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Book Title: The Last Letters of Thomas More|
Date of issue: March 31st 2000
ISBN: No data
ISBN 13: No data
The author of the book: Thomas More
Format files: PDF
The size of the: 986 KB
Edition: Wm. B. Eerdmans Publishing
Read full description of the books The Last Letters of Thomas More:In the spring of 1534, Thomas More was taken to the Tower of London and, after fourteen months in prison, the brilliant author of Utopia, friend of Erasmus and the humanities, and former Lord Chancellor of England, was beheaded on Tower Hill. Yet More wrote some of his best works as a prisoner, and his last letters are themselves works of art, historically important, and highly relevant as religious documents.
Good Company is a superb new edition of More's prison correspondence, introduced and fully annotated for contemporary readers by Alvaro de Silva. Based on the critical edition of More's correspondence, this volume begins with letters penned by More to Cromwell and Henry VIII in February 1534 and end with More's last words to his daughter, Margaret Roper, on the eve of his execution. More writes on a host topics -- from prayer and penance, the right use of riches and power, and the joys of heaven to psychological depression, suicidal temptations, and passionate protests against the moral compromises of those who imprisoned him.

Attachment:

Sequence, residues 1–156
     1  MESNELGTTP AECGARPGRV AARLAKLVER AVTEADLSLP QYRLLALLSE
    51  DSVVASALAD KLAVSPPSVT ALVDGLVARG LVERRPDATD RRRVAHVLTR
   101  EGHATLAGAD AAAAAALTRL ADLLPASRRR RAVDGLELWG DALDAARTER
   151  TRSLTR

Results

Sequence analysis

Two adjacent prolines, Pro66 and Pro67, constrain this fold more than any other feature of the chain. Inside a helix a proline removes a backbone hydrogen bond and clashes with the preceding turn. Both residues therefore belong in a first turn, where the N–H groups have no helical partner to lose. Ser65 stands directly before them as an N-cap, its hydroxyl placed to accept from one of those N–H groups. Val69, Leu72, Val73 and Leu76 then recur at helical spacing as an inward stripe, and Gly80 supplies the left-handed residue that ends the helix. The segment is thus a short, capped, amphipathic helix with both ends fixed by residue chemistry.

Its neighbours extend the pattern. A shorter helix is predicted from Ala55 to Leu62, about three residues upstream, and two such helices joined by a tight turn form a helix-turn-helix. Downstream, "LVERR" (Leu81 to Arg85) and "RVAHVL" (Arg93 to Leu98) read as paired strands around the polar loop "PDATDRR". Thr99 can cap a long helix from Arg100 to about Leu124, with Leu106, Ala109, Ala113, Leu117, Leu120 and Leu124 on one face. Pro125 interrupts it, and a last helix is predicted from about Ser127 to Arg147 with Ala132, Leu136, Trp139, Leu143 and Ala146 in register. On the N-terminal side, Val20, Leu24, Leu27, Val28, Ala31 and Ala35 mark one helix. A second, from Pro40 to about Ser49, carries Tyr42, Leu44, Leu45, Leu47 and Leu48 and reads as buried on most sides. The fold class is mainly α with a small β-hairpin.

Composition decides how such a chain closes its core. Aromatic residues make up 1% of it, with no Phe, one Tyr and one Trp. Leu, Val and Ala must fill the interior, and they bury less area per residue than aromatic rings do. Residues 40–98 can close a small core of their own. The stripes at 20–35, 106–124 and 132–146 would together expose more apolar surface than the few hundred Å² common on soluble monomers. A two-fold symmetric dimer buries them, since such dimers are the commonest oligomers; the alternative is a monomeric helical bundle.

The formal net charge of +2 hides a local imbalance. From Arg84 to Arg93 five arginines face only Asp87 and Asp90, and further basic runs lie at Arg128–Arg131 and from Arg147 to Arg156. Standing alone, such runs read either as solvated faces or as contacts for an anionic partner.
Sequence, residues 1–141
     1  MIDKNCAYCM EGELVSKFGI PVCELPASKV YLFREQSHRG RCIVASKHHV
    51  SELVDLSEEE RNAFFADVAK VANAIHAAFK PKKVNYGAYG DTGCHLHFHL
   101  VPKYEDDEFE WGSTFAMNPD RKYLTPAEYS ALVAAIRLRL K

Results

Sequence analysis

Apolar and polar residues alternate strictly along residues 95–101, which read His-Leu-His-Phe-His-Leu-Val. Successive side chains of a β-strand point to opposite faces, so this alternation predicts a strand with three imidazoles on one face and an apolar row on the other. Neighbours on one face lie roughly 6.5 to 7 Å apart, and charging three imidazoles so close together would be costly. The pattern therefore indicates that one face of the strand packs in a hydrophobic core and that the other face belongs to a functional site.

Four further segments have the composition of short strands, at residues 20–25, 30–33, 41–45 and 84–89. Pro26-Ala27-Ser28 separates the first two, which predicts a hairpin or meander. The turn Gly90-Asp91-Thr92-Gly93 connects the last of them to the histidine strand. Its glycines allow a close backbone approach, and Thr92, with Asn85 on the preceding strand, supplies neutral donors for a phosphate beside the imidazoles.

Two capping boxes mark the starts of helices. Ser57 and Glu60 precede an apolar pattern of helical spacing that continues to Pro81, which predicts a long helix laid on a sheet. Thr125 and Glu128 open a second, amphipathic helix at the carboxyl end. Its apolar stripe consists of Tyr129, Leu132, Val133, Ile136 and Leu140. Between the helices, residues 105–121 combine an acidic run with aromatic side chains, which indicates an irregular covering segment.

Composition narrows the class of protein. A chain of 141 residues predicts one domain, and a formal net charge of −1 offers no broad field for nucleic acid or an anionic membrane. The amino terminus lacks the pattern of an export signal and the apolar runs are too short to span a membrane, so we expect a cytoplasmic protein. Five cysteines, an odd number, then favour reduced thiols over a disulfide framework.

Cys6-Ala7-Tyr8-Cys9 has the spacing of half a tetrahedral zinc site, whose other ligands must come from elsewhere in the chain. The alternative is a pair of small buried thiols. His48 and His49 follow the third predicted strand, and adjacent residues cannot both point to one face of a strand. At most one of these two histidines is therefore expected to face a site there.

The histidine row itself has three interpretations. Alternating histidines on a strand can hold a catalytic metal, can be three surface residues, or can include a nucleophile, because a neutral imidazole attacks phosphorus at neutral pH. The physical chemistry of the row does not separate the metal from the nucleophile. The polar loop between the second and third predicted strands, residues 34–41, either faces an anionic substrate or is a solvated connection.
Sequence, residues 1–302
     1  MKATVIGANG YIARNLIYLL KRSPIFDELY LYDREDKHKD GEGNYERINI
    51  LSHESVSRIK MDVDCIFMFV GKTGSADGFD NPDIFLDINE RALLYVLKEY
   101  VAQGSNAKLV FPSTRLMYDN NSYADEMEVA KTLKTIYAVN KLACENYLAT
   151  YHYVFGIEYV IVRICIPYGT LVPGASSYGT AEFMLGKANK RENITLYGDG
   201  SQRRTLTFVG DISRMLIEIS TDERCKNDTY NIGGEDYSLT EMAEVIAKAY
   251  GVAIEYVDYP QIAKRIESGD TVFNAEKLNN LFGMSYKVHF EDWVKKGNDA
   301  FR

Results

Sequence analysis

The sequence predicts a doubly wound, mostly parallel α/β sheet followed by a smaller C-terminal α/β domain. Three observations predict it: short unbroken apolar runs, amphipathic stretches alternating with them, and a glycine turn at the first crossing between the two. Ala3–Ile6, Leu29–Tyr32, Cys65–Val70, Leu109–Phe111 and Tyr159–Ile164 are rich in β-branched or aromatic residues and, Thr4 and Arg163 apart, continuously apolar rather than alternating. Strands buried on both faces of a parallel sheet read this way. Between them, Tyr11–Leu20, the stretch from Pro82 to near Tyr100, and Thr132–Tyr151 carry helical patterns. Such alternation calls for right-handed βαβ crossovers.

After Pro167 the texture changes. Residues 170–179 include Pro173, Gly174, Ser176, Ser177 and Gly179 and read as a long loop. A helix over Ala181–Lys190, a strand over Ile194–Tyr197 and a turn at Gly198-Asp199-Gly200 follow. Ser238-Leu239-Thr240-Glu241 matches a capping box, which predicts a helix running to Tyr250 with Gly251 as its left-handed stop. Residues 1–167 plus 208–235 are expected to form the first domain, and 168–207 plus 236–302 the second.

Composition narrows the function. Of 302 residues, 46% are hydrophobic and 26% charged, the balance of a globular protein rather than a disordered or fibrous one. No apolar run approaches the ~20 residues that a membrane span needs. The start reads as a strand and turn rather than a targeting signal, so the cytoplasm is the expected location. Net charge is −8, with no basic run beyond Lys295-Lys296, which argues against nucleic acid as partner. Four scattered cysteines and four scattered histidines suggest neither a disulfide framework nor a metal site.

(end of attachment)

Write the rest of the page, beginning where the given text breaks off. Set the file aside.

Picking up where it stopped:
Valuable to a range of readers, this volume records the clarity of More's conscience and his readiness to die for the integrity of his religious faith. It also throws light on the literary works More wrote during the same period and on the religious and political conditions of Tudor England.
Read information about the authorSir Thomas More (/ˈmɔːr/; 7 February 1478 – 6 July 1535), venerated by Catholics as Saint Thomas More, was an English lawyer, social philosopher, author, statesman and noted Renaissance humanist. He was also a councillor to Henry VIII, and Lord High Chancellor of England from October 1529 to 16 May 1532.
More opposed the Protestant Reformation, in particular the theology of Martin Luther and William Tyndale. He also wrote Utopia, published in 1516, about the political system of an imaginary ideal island nation. More opposed the King's separation from the Catholic Church, refusing to acknowledge Henry as Supreme Head of the Church of England and the annulment of his marriage to Catherine of Aragon. After refusing to take the Oath of Supremacy, he was convicted of treason and beheaded.
Pope Pius XI canonised More in 1935 as a martyr. Pope John Paul II in 2000 declared him the "heavenly Patron of Statesmen and Politicians." Since 1980, the Church of England has remembered More liturgically as a Reformation martyr. The Soviet Union honoured him for the Communistic attitude toward property rights expressed in Utopia.
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